New law protects Alaska Native women

The ability to prosecute domestic violence may be the first step toward creating Indian Country in Alaska.

 

“Every woman you’ve met today has been raped,” a Galena, Alaska, woman told representatives from Indian Law and Order Commission in 2012. “All of us. I know they won’t believe that in the lower 48, and the state will deny it, but it’s true.”

Galena, Alaska — a Native village of less than 500 people on the Yukon River — is by no means unique. Alaska Native women comprise 19 percent of the state population, but 47 percent of its reported rape victims. And in places like Galena that are only accessible by boat or plane, state troopers from Fairbanks may take days to arrive, even after a rape has been committed. Like many villages, Galena has no law enforcement of its own, and Alaska provides only one trooper for every million square miles or so.

Desa Jacobsson makes a point as she speaks to Sen. Lisa Murkowski during the Choose Respect march in Anchorage, Alaska on Thursday, March 28, 2013. More than 140 communities across the state sponsored Choose Respect events in the ongoing effort to raise awareness about domestic violence and sexual assault. (AP Photo/Anchorage Daily News, Bill Roth)

That’s why Alaskan tribes were outraged last year when Senator Lisa Murkowski, R-Alaska, inserted an “Alaska exemption” into the reauthorization of the Violence Against Women Act. The exemption prevents Alaskan tribes from prosecuting certain domestic violence crimes perpetrated on their land, including crimes committed by non-Natives. The reason, Murkowski said, was that there’s almost no federally-designated “Indian Country” in Alaska. How could a law allowing people to prosecute crimes on tribal land be upheld if there was no tribal land?

After the Indian Law and Order Commission presented a scathing report last year, though, Murkowski changed her position. Earlier this month, she convinced both chambers of Congress to pass a bill repealing the Alaska exemption and allowing Alaskan tribes to draw territorial boundaries within which the Violence Against Women Act could be upheld.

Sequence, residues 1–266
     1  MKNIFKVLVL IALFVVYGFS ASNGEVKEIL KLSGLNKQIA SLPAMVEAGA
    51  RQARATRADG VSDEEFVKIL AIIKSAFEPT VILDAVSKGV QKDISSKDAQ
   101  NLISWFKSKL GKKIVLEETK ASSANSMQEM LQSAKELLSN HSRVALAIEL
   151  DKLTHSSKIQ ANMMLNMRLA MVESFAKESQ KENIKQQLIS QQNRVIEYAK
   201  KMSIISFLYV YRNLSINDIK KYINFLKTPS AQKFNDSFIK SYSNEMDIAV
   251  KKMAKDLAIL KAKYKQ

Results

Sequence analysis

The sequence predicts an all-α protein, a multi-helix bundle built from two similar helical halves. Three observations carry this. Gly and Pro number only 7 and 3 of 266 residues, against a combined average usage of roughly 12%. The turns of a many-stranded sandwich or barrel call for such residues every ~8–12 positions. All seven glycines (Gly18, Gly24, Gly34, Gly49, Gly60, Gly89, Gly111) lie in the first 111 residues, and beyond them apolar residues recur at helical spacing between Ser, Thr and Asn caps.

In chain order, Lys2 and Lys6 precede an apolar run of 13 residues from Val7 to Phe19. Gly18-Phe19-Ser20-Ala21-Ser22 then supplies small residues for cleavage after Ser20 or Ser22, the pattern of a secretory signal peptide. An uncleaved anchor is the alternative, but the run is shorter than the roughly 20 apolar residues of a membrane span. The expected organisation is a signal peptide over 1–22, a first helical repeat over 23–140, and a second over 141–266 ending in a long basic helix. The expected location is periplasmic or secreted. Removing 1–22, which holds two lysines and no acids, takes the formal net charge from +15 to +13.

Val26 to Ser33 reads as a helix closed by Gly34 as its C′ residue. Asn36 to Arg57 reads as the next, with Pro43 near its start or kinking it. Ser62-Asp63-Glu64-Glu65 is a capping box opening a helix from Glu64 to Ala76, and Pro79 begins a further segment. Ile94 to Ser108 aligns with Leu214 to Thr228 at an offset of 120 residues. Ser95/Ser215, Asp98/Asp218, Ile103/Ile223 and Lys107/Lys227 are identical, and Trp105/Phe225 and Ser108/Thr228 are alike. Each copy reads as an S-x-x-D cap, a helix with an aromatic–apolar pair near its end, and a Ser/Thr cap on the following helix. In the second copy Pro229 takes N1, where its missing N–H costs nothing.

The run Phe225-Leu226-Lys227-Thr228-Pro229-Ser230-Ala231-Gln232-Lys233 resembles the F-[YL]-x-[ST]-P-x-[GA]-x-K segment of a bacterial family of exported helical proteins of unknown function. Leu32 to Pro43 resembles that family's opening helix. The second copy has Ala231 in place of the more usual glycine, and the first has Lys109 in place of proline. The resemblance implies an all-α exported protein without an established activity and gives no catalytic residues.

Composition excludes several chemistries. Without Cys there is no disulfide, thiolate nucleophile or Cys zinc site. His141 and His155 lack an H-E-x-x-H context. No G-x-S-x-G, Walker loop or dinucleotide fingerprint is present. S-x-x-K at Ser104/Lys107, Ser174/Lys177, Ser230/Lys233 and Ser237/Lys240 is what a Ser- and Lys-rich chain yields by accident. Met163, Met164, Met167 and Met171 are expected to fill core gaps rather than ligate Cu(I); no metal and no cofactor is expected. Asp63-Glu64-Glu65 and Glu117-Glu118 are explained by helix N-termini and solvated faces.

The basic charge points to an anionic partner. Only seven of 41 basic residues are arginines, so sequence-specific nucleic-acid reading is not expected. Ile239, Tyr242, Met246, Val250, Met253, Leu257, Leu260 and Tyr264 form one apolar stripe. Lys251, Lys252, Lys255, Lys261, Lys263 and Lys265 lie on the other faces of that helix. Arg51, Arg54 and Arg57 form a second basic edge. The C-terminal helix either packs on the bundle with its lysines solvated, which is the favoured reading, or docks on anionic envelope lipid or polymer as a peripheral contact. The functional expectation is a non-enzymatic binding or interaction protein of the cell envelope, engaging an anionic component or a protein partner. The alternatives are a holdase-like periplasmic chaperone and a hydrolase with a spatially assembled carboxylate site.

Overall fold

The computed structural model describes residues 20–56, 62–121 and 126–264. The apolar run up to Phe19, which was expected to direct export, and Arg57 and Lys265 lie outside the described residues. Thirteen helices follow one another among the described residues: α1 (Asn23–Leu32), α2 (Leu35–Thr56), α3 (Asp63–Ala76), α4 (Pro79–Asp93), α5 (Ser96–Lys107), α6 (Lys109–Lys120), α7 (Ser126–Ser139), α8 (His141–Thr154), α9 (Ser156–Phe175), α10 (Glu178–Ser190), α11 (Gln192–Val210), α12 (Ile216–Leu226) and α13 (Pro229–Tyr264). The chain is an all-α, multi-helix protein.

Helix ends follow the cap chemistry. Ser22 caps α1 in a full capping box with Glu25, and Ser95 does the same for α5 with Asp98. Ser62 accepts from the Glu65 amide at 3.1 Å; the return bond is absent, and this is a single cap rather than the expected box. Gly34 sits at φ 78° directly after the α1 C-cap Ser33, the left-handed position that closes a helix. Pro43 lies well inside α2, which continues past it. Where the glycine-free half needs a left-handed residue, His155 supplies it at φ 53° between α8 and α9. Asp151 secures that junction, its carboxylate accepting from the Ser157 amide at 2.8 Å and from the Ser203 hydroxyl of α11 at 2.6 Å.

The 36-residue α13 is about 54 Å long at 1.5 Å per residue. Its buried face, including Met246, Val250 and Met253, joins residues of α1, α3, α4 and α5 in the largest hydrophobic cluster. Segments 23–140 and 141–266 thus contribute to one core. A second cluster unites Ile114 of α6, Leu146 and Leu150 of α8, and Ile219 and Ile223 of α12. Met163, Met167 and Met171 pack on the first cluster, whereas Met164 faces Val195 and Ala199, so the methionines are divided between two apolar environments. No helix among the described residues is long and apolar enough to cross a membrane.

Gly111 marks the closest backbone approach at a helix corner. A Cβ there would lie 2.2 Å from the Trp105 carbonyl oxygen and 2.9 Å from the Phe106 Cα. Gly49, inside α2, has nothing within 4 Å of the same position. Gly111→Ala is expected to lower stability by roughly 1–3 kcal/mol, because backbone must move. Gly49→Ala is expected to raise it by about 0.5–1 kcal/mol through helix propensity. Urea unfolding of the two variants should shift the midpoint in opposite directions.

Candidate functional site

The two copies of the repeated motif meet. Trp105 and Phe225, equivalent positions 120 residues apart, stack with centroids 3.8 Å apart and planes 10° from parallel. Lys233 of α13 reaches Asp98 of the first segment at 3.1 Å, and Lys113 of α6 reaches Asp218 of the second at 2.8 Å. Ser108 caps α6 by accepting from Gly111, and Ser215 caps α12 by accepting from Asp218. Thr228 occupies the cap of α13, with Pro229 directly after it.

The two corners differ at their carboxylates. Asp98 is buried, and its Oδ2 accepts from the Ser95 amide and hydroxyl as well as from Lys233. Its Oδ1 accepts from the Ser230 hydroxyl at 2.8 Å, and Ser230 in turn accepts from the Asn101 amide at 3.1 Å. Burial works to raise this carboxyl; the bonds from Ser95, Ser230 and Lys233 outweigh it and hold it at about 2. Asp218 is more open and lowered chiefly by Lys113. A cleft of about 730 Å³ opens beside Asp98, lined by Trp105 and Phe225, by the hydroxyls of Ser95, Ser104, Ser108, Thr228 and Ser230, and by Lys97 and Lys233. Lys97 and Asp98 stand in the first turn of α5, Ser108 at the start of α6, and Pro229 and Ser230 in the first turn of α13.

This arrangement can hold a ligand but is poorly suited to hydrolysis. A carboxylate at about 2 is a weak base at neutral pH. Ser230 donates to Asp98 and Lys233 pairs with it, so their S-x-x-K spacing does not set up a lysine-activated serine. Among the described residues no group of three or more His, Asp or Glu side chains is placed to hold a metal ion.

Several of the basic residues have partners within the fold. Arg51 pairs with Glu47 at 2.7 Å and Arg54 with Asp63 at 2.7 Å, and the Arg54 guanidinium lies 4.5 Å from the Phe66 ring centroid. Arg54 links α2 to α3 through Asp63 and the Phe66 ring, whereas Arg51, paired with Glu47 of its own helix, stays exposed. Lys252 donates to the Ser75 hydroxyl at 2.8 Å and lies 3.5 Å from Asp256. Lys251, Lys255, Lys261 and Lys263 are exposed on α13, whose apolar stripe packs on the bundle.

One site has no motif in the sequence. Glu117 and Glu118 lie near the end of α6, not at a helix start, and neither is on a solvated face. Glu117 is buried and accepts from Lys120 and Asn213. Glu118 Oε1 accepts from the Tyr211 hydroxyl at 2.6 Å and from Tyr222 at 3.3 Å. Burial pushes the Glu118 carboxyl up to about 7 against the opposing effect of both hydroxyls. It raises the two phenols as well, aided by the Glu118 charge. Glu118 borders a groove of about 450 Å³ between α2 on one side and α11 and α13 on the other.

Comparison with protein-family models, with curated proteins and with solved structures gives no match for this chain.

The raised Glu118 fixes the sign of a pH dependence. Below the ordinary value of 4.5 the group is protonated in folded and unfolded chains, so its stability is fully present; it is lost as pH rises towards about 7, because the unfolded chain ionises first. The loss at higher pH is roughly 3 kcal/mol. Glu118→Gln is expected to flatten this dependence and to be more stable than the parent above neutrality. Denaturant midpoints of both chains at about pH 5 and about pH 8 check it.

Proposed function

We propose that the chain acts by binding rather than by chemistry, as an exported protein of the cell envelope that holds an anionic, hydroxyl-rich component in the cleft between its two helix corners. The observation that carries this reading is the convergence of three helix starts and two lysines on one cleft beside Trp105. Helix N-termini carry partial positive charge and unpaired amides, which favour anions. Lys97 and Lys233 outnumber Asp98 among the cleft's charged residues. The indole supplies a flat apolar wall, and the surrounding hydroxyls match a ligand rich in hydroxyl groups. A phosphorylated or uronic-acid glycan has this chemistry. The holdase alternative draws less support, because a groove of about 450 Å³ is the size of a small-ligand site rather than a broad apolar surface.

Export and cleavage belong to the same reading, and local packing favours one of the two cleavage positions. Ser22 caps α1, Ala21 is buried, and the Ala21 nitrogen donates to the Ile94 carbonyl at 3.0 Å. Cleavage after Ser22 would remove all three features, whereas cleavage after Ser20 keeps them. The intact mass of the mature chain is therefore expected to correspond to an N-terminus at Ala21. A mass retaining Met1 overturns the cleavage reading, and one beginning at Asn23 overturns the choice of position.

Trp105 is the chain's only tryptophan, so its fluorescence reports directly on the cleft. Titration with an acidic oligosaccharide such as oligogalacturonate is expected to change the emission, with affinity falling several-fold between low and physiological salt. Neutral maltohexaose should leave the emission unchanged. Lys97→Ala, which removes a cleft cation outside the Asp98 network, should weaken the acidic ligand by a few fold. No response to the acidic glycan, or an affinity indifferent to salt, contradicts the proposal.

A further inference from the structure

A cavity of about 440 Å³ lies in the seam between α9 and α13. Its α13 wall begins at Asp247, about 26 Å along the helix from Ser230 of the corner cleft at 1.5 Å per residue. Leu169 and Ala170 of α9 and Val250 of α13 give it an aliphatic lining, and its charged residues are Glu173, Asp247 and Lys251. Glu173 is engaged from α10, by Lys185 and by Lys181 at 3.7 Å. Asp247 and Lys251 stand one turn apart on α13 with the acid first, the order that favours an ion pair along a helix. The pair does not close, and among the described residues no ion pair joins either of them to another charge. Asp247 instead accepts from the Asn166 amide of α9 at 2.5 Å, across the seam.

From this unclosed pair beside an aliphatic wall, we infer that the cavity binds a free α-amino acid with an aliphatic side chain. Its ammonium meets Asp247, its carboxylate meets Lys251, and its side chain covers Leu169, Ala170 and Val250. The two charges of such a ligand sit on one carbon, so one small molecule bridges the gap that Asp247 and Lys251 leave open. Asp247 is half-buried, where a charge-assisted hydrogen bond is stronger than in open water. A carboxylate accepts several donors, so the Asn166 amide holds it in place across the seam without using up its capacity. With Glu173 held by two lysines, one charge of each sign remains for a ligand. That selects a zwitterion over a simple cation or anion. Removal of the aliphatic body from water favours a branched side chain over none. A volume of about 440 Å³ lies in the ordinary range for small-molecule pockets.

On Dec. 18, President Obama signed it into law. Not only does the law protect thousands of Alaska Native women, it also lays the groundwork for some of the biggest changes that Alaska Natives have seen for generations. 

“For many decades, (federal) laws that affect Native nations around the country have exempted Alaska,” says Troy Eid, chairman of the Indian Law and Order Commission. Now, he explains, the boundaries that will be drawn around Native lands for enforcing crimes against women could also be used for “other kinds of laws, like the Tribal Law and Order Act of 2010 (from which Alaska was exempted) … or crimes involving children.” That, Eid says, is the big, long-term change. 

In the short term, the new law will help the 129 Alaskan tribes without tribal courts to develop them, and for the 100 with tribal courts to improve them. Murkowski says she’s seeking federal funds to help with the process.

Eid is “cautiously optimistic”
that this could be the first step toward developing more tribal sovereignty in Alaska, perhaps by creating federally-recognized Indian Country, which would give Alaska Natives more control over their traditional lands. Outgoing Republican Gov. Sean Parnell was an outspoken opponent of such measures, but new Independent Gov. Bill Walker and his Native Alaskan Democratic Lieutenant, Byron Mallott, have made it one of their top priorities.

Walker’s tenure “has the potential for being a significant break from at least a decade of hostile state administrations towards aspirational tribal governance issues,” Heather Kendall-Miller, an attorney with the Native American Rights Fund, told Alaska Dispatch News.

For now, though, the inclusion of Alaska Natives into the full Violence Against Women Act is a huge step forward. Though the timeline for implementation isn’t yet clear, it shouldn’t be long before tribes will be able to prosecute domestic violence crimes in villages like Galena, no matter who commits them. “And once a tribe is able to handle a domestic violence case,”
Eid says, “it lays the groundwork for so many other reforms.”

--

Krista Langlois is a correspondent at High Country News. She tweets @KristaLanglois2. 

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